Redox Reactions

This is part of Year 11 HSC Chemistry course under the topic of Predicting Reactions of Metals

HSC Chemistry Syllabus

  • Apply the definitions of oxidation and reduction in terms of electron transfer and oxidation numbers to a range of reduction and oxidation (redox) reactions
  • Construct relevant half-equations and balanced overall equations to represent a range of redox reactions
  • Predict the reaction of metals in solutions using the table of standard reduction potentials
  • Predict the spontaneity of redox reactions using the value of cell potentials

      Redox Reactions

      This video explores what reaction reactions are? It explains the acronym OILRIG which refers to oxidation being the loss of electrons, while reduction is the gain of electrons. 

      What is Redox?

      Redox chemistry is all about the movement of electrons between different species in a reaction. To break it down:

      • Reduction refers to the gain of electrons. For example, the transformation of iron ions into solid iron showcases reduction as iron accepts electrons to neutralise its charge. 
      • Oxidation means the loss of electrons. Consider magnesium turning into magnesium ions and releasing electrons; this process exemplifies oxidation.

      These two processes always occur together – where one element loses electrons (oxidation) another gains them (reduction). 

      An easy mnemonic to help you remember the differences between oxidation and reduction is "OILRIG" which stands for "oxidation is loss, reduction is gain". This will help you identify whether a reaction involves oxidation or reduction, such as when magnesium loses electrons, it's undergoing oxidation. 


      Half-Equations in Redox

       Redox reactions can be split into half-equations, which separately describe the oxidation and reduction occurring in a reaction. Consider the following reaction between zinc and dilute acid:


      $$Zn(s) + 2H^+ \rightarrow Zn^{2+}(aq) + H_2(g)$$


      In this reaction, zinc has lost 2 electrons to form the `Zn^{2+}` ion while each hydrogen has gained one electron to form `H_2`. This transfer of electrons can be demonstrated by the following equations:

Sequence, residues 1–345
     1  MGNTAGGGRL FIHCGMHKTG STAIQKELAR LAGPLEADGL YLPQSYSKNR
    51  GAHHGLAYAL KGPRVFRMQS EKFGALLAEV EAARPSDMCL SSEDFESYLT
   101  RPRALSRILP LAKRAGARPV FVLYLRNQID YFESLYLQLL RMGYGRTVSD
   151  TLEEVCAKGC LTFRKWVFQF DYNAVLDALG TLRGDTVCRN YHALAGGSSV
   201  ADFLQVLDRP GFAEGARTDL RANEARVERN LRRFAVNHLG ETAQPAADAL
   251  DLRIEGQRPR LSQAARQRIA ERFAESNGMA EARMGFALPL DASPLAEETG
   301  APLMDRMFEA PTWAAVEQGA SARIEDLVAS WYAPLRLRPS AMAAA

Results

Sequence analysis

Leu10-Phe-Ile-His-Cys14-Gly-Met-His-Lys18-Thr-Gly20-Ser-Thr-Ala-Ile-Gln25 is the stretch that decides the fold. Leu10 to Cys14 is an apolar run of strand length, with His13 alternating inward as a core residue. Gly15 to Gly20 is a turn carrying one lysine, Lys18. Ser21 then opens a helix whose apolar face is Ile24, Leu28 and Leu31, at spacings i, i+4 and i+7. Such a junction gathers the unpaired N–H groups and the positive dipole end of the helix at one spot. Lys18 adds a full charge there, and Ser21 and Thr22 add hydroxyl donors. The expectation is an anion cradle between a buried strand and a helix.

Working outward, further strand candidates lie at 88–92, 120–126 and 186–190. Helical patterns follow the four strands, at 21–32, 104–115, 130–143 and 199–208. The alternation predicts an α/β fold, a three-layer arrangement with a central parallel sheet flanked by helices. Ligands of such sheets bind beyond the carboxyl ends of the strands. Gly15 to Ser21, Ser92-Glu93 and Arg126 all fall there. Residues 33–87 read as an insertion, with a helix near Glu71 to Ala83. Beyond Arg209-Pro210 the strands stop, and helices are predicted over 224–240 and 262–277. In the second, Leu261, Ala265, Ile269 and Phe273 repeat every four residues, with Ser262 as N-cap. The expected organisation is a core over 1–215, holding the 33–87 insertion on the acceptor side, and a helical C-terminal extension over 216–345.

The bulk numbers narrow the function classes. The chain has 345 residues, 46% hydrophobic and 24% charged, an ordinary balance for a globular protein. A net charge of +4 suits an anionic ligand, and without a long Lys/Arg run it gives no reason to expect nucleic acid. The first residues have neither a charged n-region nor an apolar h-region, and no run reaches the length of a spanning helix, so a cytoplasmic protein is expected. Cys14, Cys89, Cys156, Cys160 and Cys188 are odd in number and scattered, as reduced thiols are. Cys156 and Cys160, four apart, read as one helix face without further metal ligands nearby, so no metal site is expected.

$$Zn \rightarrow Zn^{2+} + 2e^–$$

      $$2H^+ + 2e^– \rightarrow H_2$$


      The top half of the equation is the oxidation half equation since we know that the zinc has lost electrons to ionise, and the bottom half is the reduction half equation since hydrogen has gained electrons to become hydrogen gas. 

      When the we add the two equations together, we can see that there are 2 electrons on both sides of the equation


      $$Zn + 2H^+ + 2e^– \rightarrow Zn^{2+} + 2e^– + H_2$$


      We can then cross out the two electrons on both sides of the equation to provide us with the original net equation. 

      $$Zn(s) + 2H^+ \rightarrow Zn^{2+}(aq) + H_2(g)$$


      It is important to know that in any redox reaction, there is an oxidising agent (which undergoes reduction) and a reducing agent (which undergoes oxidation). In the case of our two half equations, because zinc is undergoing oxidation, it must be the reducing agent which is causing the hydrogen ions to undergo reduction. Thus the reducing agent is also called the 'reductant'. This is true for the opposite scenario as hydrogen in the oxidising agent, also called the 'oxidant' 


      Reduction Potentials

      The reduction potential table is a key tool. It ranks substances based on their ability to gain electrons, which is indicated by their electrical potential. Substances with a higher reduction potential are more likely to undergo reduction, a principle crucial for predicting the outcome of chemical reactions. 


      Understanding Reactivity

      The reactivity of metals is linked to their position in the reduction potential table. More reactive metals, which are easily oxidised are found at the top of the table, like potassium (K), while more easily reduced substances are found further down, like silver (Ag). 




      The concept of spontaneity in reaction tells us whether a reaction will proceed with or without external energy. Reduction potentials are used help us predict this. Now let's consider the reaction between copper and silver ions. 


      $$Cu(s) + Ag^+(aq) \rightarrow Cu^{2+}(aq) + Ag(s)$$


      The half equations of this equation are:


      $$Cu(s) \rightarrow Cu^{2+} + 2e^–$$

      $$Ag^+(aq) + e^– \rightarrow Ag(s)$$


      Using our standard potential table, we can see that the reduction of silver produces 0.77V while the reduction of copper, which is the opposite of the reduction of copper, produces -0.34V. When we add these potentials together, we get a value of 0.77 + (–0.34) = 0.43V

      The positive value of this electrical potential helps to indicate to us that this reaction occurs spontaneously.